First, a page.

There has been an association between humans and bees for many thousands of years. All the world’s great religions attest to this with many references to bees and honey (and, indeed, to the ‘honey industry’) in religious writings and ‘sacred’ books. This article looks at bees and honey in Judaism.
Bees, honey, and mead all have a part in Jewish scriptures, teaching, and traditions.
It is said that bees are honored and viewed positively within Judaism, not just because of the honey they produce, but also because of their co-operative organizational social structure, which is seen as a good example for human society.
There are many mentions of bees and honey in the written teachings of Judaism and their interpretations, ranging from the use of honey as a thanksgiving offering to likening a swarm of wild bees to a hostile army.
The first thing to mention is that honey is considered a kosher food in Judaism. This is because, although it is created by an ‘unclean’ animal, the honey does not derive from the bee’s body but is made by the bees.
Deuteronomy / Devarim 8:10 instructs the people to praise the Lord after eating. This has become the ‘Grace After Meals’ in the Jewish tradition.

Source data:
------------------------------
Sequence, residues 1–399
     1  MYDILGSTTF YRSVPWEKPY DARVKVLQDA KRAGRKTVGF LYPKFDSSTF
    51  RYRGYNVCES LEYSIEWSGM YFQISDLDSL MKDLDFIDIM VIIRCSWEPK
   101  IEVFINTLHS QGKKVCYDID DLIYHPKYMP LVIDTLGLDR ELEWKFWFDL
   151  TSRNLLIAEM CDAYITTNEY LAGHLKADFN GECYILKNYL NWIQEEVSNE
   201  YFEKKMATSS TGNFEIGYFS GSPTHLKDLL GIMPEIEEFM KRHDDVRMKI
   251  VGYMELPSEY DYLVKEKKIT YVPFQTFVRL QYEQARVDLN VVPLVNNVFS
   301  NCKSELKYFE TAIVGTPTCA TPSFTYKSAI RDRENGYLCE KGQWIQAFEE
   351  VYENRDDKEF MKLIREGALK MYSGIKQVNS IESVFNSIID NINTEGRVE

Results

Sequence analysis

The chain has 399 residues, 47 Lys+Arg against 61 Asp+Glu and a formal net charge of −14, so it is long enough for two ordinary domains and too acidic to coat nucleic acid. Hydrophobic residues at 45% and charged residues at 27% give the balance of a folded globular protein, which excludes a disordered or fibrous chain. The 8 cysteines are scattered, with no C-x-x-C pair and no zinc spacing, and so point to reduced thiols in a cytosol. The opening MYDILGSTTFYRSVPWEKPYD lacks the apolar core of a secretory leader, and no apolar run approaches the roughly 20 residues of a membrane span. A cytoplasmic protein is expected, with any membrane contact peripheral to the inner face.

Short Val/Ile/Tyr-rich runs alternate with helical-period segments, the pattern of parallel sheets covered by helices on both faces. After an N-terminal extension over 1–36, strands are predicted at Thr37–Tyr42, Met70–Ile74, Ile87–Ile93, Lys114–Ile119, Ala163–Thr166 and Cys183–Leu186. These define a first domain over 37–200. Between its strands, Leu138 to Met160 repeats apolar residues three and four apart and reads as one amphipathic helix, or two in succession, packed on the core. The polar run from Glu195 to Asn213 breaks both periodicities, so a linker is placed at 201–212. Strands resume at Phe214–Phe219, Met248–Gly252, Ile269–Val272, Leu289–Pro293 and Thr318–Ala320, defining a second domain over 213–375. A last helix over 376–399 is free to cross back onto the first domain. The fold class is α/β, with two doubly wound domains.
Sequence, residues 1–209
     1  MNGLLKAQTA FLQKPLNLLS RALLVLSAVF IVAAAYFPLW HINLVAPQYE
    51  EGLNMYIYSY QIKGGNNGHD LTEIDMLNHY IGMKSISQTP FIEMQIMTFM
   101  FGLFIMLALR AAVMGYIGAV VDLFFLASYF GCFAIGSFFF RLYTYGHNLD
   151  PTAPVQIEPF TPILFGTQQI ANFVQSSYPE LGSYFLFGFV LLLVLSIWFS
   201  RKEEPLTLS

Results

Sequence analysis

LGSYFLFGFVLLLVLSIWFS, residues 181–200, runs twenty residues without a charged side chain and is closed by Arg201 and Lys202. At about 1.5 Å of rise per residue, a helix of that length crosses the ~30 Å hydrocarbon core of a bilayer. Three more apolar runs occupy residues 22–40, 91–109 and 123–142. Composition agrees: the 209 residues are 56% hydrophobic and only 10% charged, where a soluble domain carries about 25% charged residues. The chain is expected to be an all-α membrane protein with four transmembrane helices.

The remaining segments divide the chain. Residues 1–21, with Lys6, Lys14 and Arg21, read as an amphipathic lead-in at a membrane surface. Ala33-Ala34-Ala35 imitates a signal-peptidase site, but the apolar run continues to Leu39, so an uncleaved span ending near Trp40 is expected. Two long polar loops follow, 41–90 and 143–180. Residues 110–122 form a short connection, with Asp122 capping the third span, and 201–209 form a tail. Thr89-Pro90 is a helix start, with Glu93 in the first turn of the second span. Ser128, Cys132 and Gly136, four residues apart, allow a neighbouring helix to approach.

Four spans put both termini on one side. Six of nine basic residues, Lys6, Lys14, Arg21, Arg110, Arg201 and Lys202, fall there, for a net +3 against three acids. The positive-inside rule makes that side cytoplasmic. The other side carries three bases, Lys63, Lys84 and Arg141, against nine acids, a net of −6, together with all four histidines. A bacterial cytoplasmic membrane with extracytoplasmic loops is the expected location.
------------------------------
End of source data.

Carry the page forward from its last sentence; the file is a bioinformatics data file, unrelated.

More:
There is an old Rosh Hashanah (Jewish New Year) tradition that involves honey. At Rosh Hashanah the sweet eggy bread (challah) that is served on the Sabbath and on holidays is first dipped in honey, and a prayer for a ‘good and sweet’ year is said after consumption of a piece. A piece of sweet apple is then dipped in honey with the same prayer being repeated after eating it.
On the eve of Yom Kippur, the rabbi will distribute honey cake to the congregation. There is a further tradition that the recipient ‘begs’ for a piece – symbolizing the hope that it will be the last time he or she will have to beg for anything in the following year, and instead, will be self-sufficient and independent.
Many people will recite Psalms all night on the day known as Hoshana Rabba (the final day of Rosh Hashana) – there is again a custom of consuming apple dipped in honey at the end of the recital.
Although mead plays no part in Jewish ritual it does appear in Jewish folklore. For example, there is a tradition (especially in Ashkenaz Judaism in Eastern Europe) of drinking mead to celebrate religious holidays. There is also a tradition of drinking mead during Passover.
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